Also, macros allow health care providers to create special functions for spoken commands. So, for instance, a computer screen will automatically display a checklist of questions about developmental milestones to ask the parent of a 2-month-old patient or a checklist of care that a diabetic patient should receive.
So, if a diabetic patient hasn't had a foot exam recently, the system can help remind doctor. "The macros are a big benefit," said Walker. They help military doctors to adhere to clinical practice guidelines and reduce the variables in care, he said.
The storage requirement of voice notes is "small," especially when compared with other records, such as medical images, said Walker. With the ongoing wars in Iraq and Afghanistan, there has been "100% turnover" in the doctors staffing some military medical facilities, such as the one in Heidelberg, Germany, where Walker works, he said.
Many of the physicians at these bases are military reservists who have 90-day or one-year service deployments, said Walker. So training on the AHLTA system -- and the voice-recognition features -- is a constant, he said. But once doctors move onto to other facilities, or even back to their private practices, the training pays off -- they see how they can use voice recognition in their own workflow back home, he said.
For certain, doctors of the U.S. Military Health System aren't the first or only health care providers using speech recognition to enhance patient records. In the private health care sector, Dragon speech-recognition products are also being used to supplement information in e-health records systems, as well as replace traditional medical dictation and transcription processes.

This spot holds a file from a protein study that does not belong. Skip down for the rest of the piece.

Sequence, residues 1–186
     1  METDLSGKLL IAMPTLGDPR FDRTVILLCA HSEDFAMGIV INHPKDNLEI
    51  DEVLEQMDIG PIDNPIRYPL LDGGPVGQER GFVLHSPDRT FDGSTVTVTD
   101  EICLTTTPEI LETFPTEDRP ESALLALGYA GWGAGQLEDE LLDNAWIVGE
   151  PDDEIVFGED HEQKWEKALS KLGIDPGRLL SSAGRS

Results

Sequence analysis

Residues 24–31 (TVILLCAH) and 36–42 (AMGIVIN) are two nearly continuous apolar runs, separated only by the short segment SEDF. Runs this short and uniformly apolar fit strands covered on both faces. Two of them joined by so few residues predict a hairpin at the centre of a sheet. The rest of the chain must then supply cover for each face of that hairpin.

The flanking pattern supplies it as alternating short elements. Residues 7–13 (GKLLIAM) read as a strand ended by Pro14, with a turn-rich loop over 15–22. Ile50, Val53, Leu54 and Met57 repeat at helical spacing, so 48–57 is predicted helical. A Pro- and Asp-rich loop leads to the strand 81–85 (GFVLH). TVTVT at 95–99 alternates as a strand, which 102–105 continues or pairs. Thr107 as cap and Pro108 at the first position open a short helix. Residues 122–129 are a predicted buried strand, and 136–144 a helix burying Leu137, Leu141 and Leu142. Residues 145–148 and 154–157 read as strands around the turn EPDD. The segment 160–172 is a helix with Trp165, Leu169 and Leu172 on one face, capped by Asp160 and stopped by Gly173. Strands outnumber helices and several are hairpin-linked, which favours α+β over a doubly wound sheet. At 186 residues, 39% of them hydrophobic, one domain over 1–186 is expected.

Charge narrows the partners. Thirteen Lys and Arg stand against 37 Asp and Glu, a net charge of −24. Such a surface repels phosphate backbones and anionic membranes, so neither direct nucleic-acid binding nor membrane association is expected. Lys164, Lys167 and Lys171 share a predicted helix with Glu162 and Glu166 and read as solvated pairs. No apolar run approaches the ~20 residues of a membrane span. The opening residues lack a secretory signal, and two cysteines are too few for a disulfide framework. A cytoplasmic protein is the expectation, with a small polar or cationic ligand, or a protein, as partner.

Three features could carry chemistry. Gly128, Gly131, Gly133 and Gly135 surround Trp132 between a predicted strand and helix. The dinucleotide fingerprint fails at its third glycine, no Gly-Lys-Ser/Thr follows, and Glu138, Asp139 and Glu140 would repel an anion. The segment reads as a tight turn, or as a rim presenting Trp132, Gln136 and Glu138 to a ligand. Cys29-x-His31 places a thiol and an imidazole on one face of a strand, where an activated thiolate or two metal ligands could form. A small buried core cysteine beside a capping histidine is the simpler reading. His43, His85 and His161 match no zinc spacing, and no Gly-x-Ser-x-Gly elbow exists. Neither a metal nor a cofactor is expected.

Mount Carmel St. Ann's hospital in Columbus, Ohio, has been among the early wave of health care providers using electronic clinical systems bolstered with speech-recognition capabilities. About seven years ago, emergency department doctors at Mount Carmel St. Ann's hospital began having access to Dragon's speech-recognition software not long after an e-health record system from Allscripts was rolled out there.
When the e-health record was first rolled out -- without the voice capabilities -- Mount Carmel St. Ann's doctors didn't necessarily see the kind of productivity boost they had been hoping for, in large part because they found themselves spending a lot of time typing notes, said Dr. Loren Leidheiser, chairman and director of emergency medicine at Mount Carmel St. Ann's emergency department. But as more Mount Carmel St. Ann's ER doctors began incorporating the speech-recognition capabilities into their workflow -- whether speaking notes into a lapel microphone or into a computer in the patient room or hallway -- the efficiency picked up tremendously, said Leidheiser.
Also, before using the Dragon software, the ER department spent about $500,000 annually in traditional dictation transcription costs for the care associated with the hospital's 60,000 to 70,000 patient visits yearly at the time. That was cut down "to zero," he said. The return on investment on the speech recognition, combined with the use of the e-health record system, was "within a year and a half," he said.
Leidheiser also makes use of time stuck in traffic to dictate notes that are later incorporated into patient records or turned into e-mails or letters. Using a Sony digital recorder, Leidheiser can dictate a letter or note while in his car, then later plug the recorder into his desktop computer, where his spoken words are converted to text.
By adding spoken notes to medical records, e-mails, and letters, "it's easier to tell the story," he said.